cheryl, we see her all the time. she is a best-selling author, she is speaking publicly, shaking hands with politicians, or at least she used to be. javier is none of those things. he is incredibly influential, but even people inside his company to know who is. he is a different personality. here he is stepping into a similar title and the same job sheryl sandberg had at meta, and it is a huge job given everything they're going through. emily: what does that mean for meta culturally? if people inside the company don't know who he is, does that matter? kurt: it kind of reestablishes or further establishes mark zuckerberg as the main guy. before, even though it mark i think has been more forward as the face of the company the last couple of years, he was still -- it was still a mark zuckerberg and sheryl sandberg show.
now you have mark and not really anyone else. we hear from nick clegg quite a bit on policy stuff, but i think this further establishes mark as the face of what everything facebook is going, not just the products. emily: facebook's valuation has been cut in half over the last six months. can javier olivan along with mark zuckerberg turn it around? kurt: i am not want to bet against mark zuckerberg. but there is a real crisis of the business for the company, but really the first time ever. this has always been up and to the right. never have they had to deal with something like revenue growth decline, which they had for the first time last quarter. so they are really pivoting and betting big right now. it is kind of what mark zuckerberg has said is the future, the metaverse. that is still years away. so if they will be turning this thing around, it will have to be
that javi can figure out some way to boost the ad business. which is not small by any means, but it certainly not experiencing the kind of growth we have come to see from them the last couple of years. emily: it will be interesting to watch this play out. kurt wagner, thank you, as always. meantime, ceos are increasingly turning to social media to share their feelings about layoffs. in june, the ceo of klarna took heat after linkedin posted the names and contact details of hundreds of employees who were let go. he said he was trying to get them jobs. others thought it was a little tone deaf. now, another post by the ceo of hybrid social is going viral. he wrote, "my employees would still have jobs if i had made better choices." he posted a selfi crying. some thought the post was a little cringey, but he embraced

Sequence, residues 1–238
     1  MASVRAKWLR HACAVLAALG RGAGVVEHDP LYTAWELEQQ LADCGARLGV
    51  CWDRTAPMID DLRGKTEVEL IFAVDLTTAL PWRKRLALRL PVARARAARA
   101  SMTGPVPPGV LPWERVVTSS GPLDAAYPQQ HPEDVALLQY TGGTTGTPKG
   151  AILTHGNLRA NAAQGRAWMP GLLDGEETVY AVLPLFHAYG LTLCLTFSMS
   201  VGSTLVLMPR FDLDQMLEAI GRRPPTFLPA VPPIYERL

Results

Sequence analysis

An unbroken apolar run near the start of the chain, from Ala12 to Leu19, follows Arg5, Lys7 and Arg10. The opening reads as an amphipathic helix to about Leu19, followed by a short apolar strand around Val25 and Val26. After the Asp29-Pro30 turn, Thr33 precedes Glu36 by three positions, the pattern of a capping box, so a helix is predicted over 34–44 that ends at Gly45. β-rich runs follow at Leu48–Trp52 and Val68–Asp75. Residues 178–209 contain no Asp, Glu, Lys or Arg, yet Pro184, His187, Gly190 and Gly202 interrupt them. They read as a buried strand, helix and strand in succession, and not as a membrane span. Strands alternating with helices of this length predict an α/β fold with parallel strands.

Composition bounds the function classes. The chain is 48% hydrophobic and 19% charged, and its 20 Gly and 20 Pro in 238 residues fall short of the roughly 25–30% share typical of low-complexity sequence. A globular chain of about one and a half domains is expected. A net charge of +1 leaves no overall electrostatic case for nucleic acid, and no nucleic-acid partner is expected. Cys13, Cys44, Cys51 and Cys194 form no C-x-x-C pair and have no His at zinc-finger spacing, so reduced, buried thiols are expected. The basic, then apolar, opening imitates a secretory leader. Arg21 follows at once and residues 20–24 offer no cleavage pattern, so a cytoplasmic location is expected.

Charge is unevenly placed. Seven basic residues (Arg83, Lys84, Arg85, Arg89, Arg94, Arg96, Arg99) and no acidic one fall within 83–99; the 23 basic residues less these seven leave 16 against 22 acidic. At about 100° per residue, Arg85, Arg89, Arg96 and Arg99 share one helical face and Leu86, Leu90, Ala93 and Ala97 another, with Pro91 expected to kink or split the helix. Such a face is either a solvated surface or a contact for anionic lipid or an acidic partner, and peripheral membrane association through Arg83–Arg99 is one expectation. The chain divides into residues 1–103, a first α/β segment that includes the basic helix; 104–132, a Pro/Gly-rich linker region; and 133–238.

the backlash and dubbed himself the crying ceo. then there was this interview with redfin ceo who had this to say when i asked about layoffs. >> we laid off 6% of our workforce and i'm the one accountable for that. i feel so ashamed about it. i was so blue, i still am. but it is what we had to do to run a profitable business, and now i think we feel more optimistic about the future. but we are still running on a knife's edge. emily: coming up, we will take a deep dive into the world of crypto mixers. what are they? and how could they be the culprit in the newest money laundering schemes? that is next. this is bloomberg. ♪
emily: time now for over crypto report. today we are diving into crypto mixers, a service that mixes different streams of potentially identifiable crypto-currencies so that, a owners account and history is hidden, making the interaction more anonymous and harder to trace. here is the catch, while it is great for privacy, it has become a tool for global money laundering and cybercrime. recently, tornado cash was sanctioned by the u.s. treasury after it was used to launder more than $7 billion in digital currency in 2019. -- since its creation in 2019. let's talk about the debate, which has erred in the crypto community. chain analysis see oh along with